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I don’t like Blade Runner. I don’t begrudge those that do, and I’ll never say that I don’t appreciate it’s lofty standing as people’s favourite science fiction film of all time, but I simply don’t like it. With its multiple cuts and a frustratingly unapproachable final act, Ridley Scott’s oft-called 1982 magnum-opus – though unanimously finding itself in the top spot of more sci-fi appreciation lists than I care to count – failed to ignite my lust for the world that Philip K. Dick created (I should mention that I’m no Do Androids Dream of Electric Sheep? defender). Delightedly, the sequel that “no-one wanted” – Blade Runner 2049 – blindsided me completely. Realistically, I shouldn’t have been apprehensive. Denis Villeneuve isn’t a stranger in my yearly retrospectives (Arrival was my #1 of 2016), and he has once again crafted a sci-fi that transgresses its origins, fleshes out its existence and builds to a staggeringly heartfelt ending. With Villeneuve, I knew it’d have a director with a history of expertise; with Roger Deakins, I knew the film would look stunning in every way, no matter how minuscule or vast the shot; and with Hampton Fancher, we knew that it wasn’t going to be a shoddily written cashed-in sequel. What I didn’t expect was how absolutely captivated I’d be from start to finish. Clocking in shy of 3 hours, Blade Runner 2049 is somehow blisteringly well-paced, even in spite of lengthy scenes of visually arresting images, each one atmospherically exposing its multitude of secrets that will doubtlessly require a second viewing. Not once was I waiting for a scene to wrap up, proof that with the most stunning cinematography – both real and manufactured – one can overlook minor stumbles in narrative or character. Like Dunkirk, Blade Runner 2049 amplifies the necessity to see films in the cinema. Hopefully, Villeneuve’s entry to the saga will cultivate a new generation of obsessives: I know I’m one of them. 

1. The Handmaiden (d. Park Chan-wook)
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What’s perhaps even more unexpected this year was that Park Chan-wook’s erotically charged psychological thriller would bat away the competition (I first saw it in October 2016) to become the most suspenseful, hilarious and outright brilliant heist movie of the last decade. Though I’m only familiar with Sarah Waters’ Fingersmith – the novel and the BBC adaptation – by name, Park’s transference from Victorian England to 1930s-era Japan is one of the many ways he seeks to wrong-foot the viewer. Taking intersecting moments and punctuating them with seemingly mundane conversation and activities with ulterior points of view, Park makes you feel damn sure that his twisty narrative is reaching an astute conclusion, before pulling the rug from under you again and again. Here, not only are the characters successfully duped, but the audience is as well. A few times – for differing reasons – The Handmaiden elicited shock and laughs from its audacious genre-bending and near-faultless craftmanship, but the deception isn’t the sole strength of the film: there’s a trio of fantastic leads that are completely engaging, each of them mustering multiple personalities within their sly characterisations. In a career that’s already hit multiple highs, The Handmaiden is Park’s first true masterpiece: a provocative, hyper-stylised and intricately woven story of duplicity, violence, and carnal desire that absolutely should not be missed.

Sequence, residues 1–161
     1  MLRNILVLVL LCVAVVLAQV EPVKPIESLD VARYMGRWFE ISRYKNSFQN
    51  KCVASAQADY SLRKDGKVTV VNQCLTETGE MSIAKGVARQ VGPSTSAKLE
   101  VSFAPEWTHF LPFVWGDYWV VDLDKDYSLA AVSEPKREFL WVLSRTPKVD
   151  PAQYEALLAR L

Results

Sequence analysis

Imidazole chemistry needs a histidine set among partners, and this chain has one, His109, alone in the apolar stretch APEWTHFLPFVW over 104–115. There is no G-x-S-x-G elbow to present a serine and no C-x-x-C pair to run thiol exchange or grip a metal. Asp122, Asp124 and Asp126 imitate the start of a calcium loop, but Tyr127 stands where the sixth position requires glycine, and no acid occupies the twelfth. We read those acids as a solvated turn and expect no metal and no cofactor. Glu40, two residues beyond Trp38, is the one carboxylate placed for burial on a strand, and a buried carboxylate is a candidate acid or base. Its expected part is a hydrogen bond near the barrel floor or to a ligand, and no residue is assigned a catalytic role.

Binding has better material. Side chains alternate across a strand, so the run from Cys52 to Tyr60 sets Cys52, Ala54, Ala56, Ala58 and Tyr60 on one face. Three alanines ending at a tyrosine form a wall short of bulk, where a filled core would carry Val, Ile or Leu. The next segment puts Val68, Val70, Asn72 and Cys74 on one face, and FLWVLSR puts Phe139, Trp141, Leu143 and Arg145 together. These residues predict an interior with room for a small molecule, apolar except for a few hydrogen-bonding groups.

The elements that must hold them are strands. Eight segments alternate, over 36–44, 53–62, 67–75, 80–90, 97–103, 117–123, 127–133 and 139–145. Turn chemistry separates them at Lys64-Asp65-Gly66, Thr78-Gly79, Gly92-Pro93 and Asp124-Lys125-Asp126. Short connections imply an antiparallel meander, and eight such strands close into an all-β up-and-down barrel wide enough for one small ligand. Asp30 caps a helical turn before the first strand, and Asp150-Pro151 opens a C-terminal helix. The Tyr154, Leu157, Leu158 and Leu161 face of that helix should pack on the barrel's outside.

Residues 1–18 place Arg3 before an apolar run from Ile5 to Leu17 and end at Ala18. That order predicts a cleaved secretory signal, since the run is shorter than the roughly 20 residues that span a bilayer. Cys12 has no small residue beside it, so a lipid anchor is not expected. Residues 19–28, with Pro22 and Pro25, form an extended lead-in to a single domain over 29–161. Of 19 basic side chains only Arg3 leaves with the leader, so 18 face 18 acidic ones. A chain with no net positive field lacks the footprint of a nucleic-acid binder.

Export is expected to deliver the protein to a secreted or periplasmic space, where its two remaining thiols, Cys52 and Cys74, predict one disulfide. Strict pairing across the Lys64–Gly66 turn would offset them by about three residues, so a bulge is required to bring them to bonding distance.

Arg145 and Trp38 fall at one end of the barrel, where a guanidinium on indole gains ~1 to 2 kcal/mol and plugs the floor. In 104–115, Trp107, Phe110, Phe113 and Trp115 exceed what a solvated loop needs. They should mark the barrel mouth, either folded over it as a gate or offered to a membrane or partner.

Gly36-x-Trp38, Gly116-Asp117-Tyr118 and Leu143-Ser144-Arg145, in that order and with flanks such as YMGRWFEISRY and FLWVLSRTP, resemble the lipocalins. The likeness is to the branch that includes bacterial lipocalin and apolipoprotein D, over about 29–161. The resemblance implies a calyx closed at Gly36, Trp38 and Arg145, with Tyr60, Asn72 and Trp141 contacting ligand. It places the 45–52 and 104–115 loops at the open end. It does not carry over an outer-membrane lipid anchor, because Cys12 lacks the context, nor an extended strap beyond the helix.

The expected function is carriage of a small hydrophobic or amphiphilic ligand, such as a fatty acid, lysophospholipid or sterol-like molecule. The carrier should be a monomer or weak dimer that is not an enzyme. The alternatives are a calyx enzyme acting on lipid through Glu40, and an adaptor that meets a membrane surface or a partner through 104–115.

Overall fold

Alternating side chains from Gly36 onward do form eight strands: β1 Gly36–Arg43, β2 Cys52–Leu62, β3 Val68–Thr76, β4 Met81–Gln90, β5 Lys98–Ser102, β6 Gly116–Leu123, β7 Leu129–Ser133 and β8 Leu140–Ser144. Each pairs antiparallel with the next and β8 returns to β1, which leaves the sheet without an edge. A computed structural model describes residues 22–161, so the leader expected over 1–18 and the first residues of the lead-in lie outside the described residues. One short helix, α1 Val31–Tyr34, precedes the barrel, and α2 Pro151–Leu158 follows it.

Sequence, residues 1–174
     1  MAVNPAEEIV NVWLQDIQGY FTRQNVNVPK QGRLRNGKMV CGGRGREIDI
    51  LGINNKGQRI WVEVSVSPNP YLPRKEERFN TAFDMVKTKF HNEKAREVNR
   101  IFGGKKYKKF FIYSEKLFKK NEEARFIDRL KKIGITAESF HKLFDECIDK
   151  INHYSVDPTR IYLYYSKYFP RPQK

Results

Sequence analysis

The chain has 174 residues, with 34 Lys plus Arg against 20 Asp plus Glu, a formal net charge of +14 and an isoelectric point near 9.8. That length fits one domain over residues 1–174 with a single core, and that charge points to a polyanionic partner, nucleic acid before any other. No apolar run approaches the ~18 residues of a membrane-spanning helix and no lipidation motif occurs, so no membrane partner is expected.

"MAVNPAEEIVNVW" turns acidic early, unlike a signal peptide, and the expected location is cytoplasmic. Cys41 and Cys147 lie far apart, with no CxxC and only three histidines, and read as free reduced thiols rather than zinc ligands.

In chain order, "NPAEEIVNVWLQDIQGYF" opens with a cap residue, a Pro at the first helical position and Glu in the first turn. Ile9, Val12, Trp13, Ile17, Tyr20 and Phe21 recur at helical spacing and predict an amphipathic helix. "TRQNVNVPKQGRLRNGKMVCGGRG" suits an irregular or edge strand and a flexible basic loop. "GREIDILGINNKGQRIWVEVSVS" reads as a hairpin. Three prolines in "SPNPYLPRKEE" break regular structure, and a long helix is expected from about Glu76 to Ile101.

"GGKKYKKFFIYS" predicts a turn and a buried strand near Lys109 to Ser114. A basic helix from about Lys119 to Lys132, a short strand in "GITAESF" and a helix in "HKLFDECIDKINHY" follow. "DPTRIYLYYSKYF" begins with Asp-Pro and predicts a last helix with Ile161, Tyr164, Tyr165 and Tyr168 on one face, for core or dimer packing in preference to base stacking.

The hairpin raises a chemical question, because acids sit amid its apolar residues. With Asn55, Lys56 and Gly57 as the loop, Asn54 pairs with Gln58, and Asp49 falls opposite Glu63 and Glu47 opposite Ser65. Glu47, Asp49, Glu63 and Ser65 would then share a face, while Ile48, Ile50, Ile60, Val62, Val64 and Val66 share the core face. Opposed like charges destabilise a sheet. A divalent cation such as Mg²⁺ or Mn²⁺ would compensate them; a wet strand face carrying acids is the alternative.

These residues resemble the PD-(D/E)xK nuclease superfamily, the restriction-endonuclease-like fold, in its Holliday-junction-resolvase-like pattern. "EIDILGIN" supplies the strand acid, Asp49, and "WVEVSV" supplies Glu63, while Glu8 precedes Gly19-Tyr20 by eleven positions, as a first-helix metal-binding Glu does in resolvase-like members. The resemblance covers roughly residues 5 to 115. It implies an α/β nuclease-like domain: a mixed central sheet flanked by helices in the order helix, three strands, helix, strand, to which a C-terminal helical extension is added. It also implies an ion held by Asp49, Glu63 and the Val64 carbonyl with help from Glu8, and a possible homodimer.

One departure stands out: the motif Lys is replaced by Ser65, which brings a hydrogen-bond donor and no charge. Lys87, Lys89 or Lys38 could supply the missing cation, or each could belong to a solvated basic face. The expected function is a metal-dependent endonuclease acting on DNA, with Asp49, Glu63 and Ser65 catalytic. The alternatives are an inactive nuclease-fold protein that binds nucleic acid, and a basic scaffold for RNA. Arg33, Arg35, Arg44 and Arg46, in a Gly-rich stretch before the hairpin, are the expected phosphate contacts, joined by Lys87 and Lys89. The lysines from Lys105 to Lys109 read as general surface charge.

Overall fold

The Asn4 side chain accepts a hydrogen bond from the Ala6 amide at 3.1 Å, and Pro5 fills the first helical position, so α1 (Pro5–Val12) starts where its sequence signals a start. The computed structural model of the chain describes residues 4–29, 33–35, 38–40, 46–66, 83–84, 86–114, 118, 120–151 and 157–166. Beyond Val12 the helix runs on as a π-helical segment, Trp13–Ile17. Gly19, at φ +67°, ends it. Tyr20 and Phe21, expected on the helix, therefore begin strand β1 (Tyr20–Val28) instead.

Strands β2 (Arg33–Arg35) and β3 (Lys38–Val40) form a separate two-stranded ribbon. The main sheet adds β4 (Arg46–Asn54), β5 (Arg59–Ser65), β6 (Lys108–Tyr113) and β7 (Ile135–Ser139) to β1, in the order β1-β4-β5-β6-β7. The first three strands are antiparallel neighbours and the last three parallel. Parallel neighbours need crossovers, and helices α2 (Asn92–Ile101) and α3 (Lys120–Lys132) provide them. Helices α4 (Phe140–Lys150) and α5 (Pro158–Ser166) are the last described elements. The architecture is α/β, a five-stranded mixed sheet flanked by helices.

Original review here.

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Because I’m an inefficient, leisurely writer, I could have written a Top 20, but instead chose to relegate number 11-20 to this Honorable Mentions footnote. In no particular order, these are films that are no less worthy of your time just because I’ve written less: Manchester by the Sea (a nuanced and devastatingly raw portrayal of loss and bereavement, with fantastic performances across-the-board); Elle (Paul Verhoeven is back in full-force with a subversive story of rape-revenge that contained some of the biggest laughs of the entire year thanks to Isabelle Huppert’s dry magnetism); Certain Women (composed and compassionate, Kelly Reichardt’s story of four women whose lives interesect in a small Midwestern town is perfect for those who like elegance in their stories); Logan Lucky (Ocean’s Eleven without the glamour, it’s a superbly entertaining, often thrilling heist with a first-rate performance from Daniel Craig); Mindhorn (Julian Barrett is giddily funny in this spoof of televised police serials, and the rest of the cast are clearly relishing its peculiarities); It (a horror remake with ghost-train sensibilites, a group of excellent young performers, and one hell of a terrifying Pennywise); Logan (comic-book adaptations at their very best: brutal, raw, and thrilling); Toni Erdmann (totally unclassifiable, but completely engaging comedy-drama with one of the best father-daughter pairings in recent memory); Raw (skin-crawling coming-of-age-cannibalism that manages to surprise even in the face of convention); Star Wars Episode VIII: The Last Jedi (one of the greatest modern subversions of a franchise: Rian Johnson burns the rulebook and then some with ludicrous and fascinating results).

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BFSR Award illustration header by cal.con.